Financial Technology, abbreviated fintech or FinTech, referred to the Financial Services Technology Consortium in the ’90s as an initiative by Citicorp. FinTech can be used differently depending on the context. However, many people commonly think FinTech is a unique integration of financial services and information technology. Financial technology can be defined in the simplest way as using technology and innovation to deliver financial services. Likewise, the European Parliament indicates that Financial Technology refers to firms that use technology and innovation to provide financial services more efficiently.

The use of smartphones for mobile banking, investing services or blockchain, crowdfunding, P2P lending, Robo-advice, and virtual currencies are the best examples of technologies aiming to make financial services more accessible to the general public. The said brand-new and buzzing area is also in line with the concept of Financial Inclusion set out by the United Nations, which aims to provide equal access to financial services for everyone around the globe.

According to statistics released by Statista in January 2020, 59% population of the world have access to the internet, along with the impressive rates of Northern Europe, Western Europe, and Northern America, respectively 95%, 92%, and 88%. Even though the numbers are not good enough to have financial integration and inclusion for everyone around the globe, the rate of increase is undoubtedly promising.

FinTech Ecosystem in The European Union

With its developed infrastructure, the European Union is one of the world’s largest and fastest-growing FinTech markets, together with the United States, India, and the People’s Republic of China. Recent research showed that %51 of European adults used internet banking in 2018. This figure has grown by more than two times since 2007. Another striking number is that European online alternative finance market volumes in 2013-2016 (including the UK) reached over 7.6 billion euros.

Apart from the United Kingdom, Germany, France, the Netherlands, and Spain are the most remarkable countries in the Union in attracting investments and active companies. For instance, as of 2020, more than 800 Financial Technology and Insurance Technology companies are active in Germany alone.

According to the 2019 FinTech Investment Landscape Report of Innovative Finance, the top 10 countries in FinTech investments are the United States, the United Kingdom, India, China, Germany, Brazil, Sweden, Canada, Singapore, and France, with more than two thousand deals in one year. Even though total global FinTech investment decreased compared to the amount in 2018, investment in the FinTech sector in these ten countries exceeded $32 billion in 2019.

In the meantime, FinTech investments in Europe continue to accelerate, exceeding $8.5 billion. Such major FinTech ecosystems in Europe as the UK, Germany, France, and Sweden, hit the record of attracting investments in 2019 even though the total number of deals decreased by 15%.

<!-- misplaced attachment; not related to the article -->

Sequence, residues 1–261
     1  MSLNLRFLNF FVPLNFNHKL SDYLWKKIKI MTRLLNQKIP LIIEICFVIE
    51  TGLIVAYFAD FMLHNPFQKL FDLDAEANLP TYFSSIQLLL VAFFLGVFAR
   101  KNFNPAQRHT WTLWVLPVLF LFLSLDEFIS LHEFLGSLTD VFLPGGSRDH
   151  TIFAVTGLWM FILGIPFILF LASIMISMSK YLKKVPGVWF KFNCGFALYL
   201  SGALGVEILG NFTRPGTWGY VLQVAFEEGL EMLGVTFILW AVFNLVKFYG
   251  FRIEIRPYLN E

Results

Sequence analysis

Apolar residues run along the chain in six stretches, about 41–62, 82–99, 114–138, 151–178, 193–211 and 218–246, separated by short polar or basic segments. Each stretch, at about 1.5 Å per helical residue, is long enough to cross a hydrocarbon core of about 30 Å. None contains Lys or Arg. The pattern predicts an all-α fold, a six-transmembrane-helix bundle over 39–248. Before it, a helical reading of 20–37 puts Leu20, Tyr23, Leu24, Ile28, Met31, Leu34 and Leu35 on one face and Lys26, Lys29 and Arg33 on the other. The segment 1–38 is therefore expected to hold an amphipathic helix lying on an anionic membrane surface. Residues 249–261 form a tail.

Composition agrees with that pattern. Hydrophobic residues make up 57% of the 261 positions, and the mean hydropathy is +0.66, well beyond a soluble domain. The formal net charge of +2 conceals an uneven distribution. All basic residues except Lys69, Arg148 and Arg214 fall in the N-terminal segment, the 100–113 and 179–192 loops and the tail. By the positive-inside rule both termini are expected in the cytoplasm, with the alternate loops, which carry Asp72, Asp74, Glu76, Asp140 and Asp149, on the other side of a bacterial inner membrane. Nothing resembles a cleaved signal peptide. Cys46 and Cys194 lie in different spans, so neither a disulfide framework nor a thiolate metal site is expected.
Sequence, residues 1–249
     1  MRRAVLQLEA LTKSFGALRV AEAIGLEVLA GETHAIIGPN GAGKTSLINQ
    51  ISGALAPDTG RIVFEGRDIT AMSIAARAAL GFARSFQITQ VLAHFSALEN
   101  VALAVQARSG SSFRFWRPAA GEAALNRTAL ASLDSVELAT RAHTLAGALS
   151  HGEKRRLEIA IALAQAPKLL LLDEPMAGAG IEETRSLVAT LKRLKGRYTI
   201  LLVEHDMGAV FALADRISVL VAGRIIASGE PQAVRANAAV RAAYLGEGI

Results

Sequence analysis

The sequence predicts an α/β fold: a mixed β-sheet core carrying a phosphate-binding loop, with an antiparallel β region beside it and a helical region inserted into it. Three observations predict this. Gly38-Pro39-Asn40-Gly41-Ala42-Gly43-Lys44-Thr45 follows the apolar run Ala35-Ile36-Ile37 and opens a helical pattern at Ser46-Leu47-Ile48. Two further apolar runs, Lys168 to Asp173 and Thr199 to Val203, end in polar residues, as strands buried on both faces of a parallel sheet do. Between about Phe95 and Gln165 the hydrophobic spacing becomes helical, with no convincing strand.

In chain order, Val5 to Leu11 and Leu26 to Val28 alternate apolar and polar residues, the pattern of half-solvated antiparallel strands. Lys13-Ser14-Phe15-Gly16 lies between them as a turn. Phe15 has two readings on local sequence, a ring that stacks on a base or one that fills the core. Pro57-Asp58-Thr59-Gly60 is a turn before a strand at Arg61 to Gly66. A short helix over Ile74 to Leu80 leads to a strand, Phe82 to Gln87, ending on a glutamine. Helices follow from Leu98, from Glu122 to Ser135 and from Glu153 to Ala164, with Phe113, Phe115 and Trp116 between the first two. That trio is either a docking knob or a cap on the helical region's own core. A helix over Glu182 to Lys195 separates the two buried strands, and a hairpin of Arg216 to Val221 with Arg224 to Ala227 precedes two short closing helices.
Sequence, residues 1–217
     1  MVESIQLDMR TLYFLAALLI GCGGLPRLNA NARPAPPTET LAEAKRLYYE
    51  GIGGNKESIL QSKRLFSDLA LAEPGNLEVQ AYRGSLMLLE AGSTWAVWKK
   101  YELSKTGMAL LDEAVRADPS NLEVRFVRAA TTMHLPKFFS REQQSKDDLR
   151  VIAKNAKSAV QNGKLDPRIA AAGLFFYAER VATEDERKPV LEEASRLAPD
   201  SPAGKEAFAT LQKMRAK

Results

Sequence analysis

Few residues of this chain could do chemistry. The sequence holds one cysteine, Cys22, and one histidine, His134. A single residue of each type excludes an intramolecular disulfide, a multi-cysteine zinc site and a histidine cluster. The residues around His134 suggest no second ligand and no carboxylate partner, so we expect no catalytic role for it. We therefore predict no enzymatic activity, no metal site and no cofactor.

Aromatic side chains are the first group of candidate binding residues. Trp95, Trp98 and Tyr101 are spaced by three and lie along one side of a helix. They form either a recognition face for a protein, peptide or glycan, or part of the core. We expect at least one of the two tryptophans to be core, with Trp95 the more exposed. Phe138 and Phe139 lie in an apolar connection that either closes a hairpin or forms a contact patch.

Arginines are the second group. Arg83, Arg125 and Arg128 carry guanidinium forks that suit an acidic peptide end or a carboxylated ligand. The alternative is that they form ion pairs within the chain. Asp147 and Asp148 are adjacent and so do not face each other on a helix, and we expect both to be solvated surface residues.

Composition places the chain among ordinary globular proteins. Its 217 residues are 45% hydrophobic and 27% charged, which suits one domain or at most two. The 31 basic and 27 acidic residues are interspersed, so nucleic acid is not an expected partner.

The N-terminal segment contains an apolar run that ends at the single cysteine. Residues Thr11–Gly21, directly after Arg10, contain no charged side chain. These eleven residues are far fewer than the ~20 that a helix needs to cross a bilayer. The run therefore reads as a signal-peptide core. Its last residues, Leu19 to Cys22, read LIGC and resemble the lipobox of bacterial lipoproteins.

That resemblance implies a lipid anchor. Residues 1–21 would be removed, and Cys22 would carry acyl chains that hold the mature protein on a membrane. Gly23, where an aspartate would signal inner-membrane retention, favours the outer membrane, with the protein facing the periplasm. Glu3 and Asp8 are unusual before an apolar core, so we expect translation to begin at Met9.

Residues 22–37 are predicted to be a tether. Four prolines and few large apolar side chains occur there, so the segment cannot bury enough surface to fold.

To understand the potential of the market, it is useful to point out that Sweden, with its small number of deals of 37, took place in the top ten countries in the world and ranked third in Europe by fundraises at not many firms or businesses but two, Karma and Tink.

Since it depends only on innovative ideas and market needs, big deals in Financial Technology (exceeding $100 million) could be in any country across the globe, no matter how developed the FinTech ecosystem in the country is or whether the country is a major player in information and communication technologies.

With their very nature of being innovative, there is no doubt that start-ups will keep being the main dynamics of the sector. As mentioned above, start-ups with innovative financial ideas deeply challenge traditional financial institutions by providing faster and low-cost services. However, it has been observed that new businesses with innovative ideas are accepted as a means of collaboration rather than competition. Incumbent and traditional financial institutions tend to acquire new emerging small businesses instead of competing with them to serve their customers in a better way or develop and adapt their businesses.

It should also be stated that the FinTech companies still operate in a regulatory grey zone without being subject to the same licensing and regulatory regimes as other BigTech companies or incumbent institutions such as banks. Financial technology and its impacts on the financial sector should be regulated carefully by lawmakers. It brings many challenges regarding significant data protection, fair competition, and consumer protection.

Since no single piece of legislation covers all aspects of Fintech in the European Union, Fintech companies have to abide by the same rules as any other company providing the same service. Thus, regulators face a balancing act – encouraging disruptive innovation without allowing risks of unfair competition in the market.

On the other hand, it would also be argued that strict regulations might incentivize companies to settle in countries requiring fewer obligations and red tape or slow down innovation in the sector. Once and for all, lawmakers will need innovative regulations to resolve the problems regarding innovative ideas.

Article Keywords: Financial Technology, The Begining of a New Era: Financial Technology in Europe, FinTech Ecosystem in the European Union, Traditional Finance, Financial Technology in Europe, New Face of Finance: Financial Technology.